Photo: A Cambodian HIV patient holds some of her drug regimen in an MSF HIV ward. Cambodia 2007 © Dieter Telemans
As Clock Ticks Towards Trans-Pacific Trade Pact Deadline, U.S. Must End Stall Tactics on Access to Medicines 
As closed-door talks for the Trans-Pacific Partnership (TPP) Agreement resume in Singapore this week, MSF calls on the U.S. government to end its stall tactics and revise its proposals for what otherwise promises to be the most harmful trade deal ever for access to medicines in developing countries.
The TPP negotiations, which currently involve eleven Asia-Pacific countries, are being conducted in secret, but leaked texts reveal the most aggressive intellectual property (IP) measures ever suggested in a trade deal with developing countries. The U.S. proposals threaten to roll back internationally-agreed public health safeguards and would put in place far-reaching monopoly protections that keep medicine prices high and out of the reach of millions in the Asia-Pacific region.
“Too many people already die needlessly because the medicines they need are too expensive or do not exist, and we cannot stand by as the Trans-Pacific Partnership threatens to further restrict access to medicines in developing countries,” said Dr. Unni Karunakara, International President of MSF. “We are gravely concerned about countries like Thailand, where MSF started treating HIV/AIDS more than a decade ago and then transitioned its programs to local authorities with the confidence that they would be able to continue providing lifesaving treatments. Now Thailand is on the cusp of joining a dangerous deal that could jeopardize its ability to maintain, let alone scale up, vital, life-saving health programs for its people.”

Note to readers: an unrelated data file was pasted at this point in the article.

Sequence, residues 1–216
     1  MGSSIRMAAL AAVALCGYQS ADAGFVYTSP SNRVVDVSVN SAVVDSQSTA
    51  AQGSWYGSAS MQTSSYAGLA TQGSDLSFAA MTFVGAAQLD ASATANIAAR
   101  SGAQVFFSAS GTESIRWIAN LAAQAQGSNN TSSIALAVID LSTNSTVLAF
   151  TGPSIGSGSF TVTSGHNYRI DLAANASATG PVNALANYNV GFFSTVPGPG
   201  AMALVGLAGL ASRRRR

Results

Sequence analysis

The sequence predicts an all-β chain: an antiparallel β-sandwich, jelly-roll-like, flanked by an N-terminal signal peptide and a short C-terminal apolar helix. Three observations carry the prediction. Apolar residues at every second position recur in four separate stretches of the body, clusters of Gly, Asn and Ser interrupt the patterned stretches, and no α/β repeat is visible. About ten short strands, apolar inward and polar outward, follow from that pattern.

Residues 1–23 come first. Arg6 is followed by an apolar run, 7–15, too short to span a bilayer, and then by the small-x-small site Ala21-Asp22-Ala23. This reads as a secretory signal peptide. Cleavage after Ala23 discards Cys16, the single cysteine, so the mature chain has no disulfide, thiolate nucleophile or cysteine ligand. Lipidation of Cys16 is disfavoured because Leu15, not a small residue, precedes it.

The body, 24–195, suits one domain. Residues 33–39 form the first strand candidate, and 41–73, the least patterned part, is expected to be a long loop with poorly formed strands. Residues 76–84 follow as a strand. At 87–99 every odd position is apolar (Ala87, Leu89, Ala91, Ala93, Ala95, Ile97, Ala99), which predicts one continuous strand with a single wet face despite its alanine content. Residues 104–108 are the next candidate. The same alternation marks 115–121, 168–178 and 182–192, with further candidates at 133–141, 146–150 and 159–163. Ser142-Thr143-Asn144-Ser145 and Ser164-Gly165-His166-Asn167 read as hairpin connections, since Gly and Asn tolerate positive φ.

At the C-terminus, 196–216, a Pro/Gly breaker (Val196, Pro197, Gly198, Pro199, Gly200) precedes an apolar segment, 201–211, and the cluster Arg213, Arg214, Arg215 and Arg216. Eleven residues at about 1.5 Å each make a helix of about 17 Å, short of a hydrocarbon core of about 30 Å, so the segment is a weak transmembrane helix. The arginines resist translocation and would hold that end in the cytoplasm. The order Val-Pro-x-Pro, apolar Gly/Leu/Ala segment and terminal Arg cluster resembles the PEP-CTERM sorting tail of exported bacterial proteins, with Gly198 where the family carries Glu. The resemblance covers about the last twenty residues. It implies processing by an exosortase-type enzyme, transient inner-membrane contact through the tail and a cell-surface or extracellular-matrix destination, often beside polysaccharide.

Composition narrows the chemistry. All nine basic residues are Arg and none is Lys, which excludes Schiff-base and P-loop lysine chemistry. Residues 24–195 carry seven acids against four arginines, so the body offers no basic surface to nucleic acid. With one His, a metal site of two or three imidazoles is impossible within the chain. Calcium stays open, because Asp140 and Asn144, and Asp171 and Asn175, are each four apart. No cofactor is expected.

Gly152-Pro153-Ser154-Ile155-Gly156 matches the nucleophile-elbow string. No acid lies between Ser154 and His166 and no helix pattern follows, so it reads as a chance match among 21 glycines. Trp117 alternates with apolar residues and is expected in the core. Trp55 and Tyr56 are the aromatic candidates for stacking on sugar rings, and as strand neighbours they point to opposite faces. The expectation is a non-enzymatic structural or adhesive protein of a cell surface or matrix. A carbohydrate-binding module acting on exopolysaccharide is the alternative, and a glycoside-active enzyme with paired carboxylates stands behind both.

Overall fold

Photo: A Cambodian HIV patient holds some of her drug regimen in an MSF HIV ward. Cambodia 2007 © Dieter Telemans

As Clock Ticks Towards Trans-Pacific Trade Pact Deadline, U.S. Must End Stall Tactics on Access to Medicines 

As closed-door talks for the Trans-Pacific Partnership (TPP) Agreement resume in Singapore this week, MSF calls on the U.S. government to end its stall tactics and revise its proposals for what otherwise promises to be the most harmful trade deal ever for access to medicines in developing countries.

The TPP negotiations, which currently involve eleven Asia-Pacific countries, are being conducted in secret, but leaked texts reveal the most aggressive intellectual property (IP) measures ever suggested in a trade deal with developing countries. The U.S. proposals threaten to roll back internationally-agreed public health safeguards and would put in place far-reaching monopoly protections that keep medicine prices high and out of the reach of millions in the Asia-Pacific region.

“Too many people already die needlessly because the medicines they need are too expensive or do not exist, and we cannot stand by as the Trans-Pacific Partnership threatens to further restrict access to medicines in developing countries,” said Dr. Unni Karunakara, International President of MSF. “We are gravely concerned about countries like Thailand, where MSF started treating HIV/AIDS more than a decade ago and then transitioned its programs to local authorities with the confidence that they would be able to continue providing lifesaving treatments. Now Thailand is on the cusp of joining a dangerous deal that could jeopardize its ability to maintain, let alone scale up, vital, life-saving health programs for its people.”

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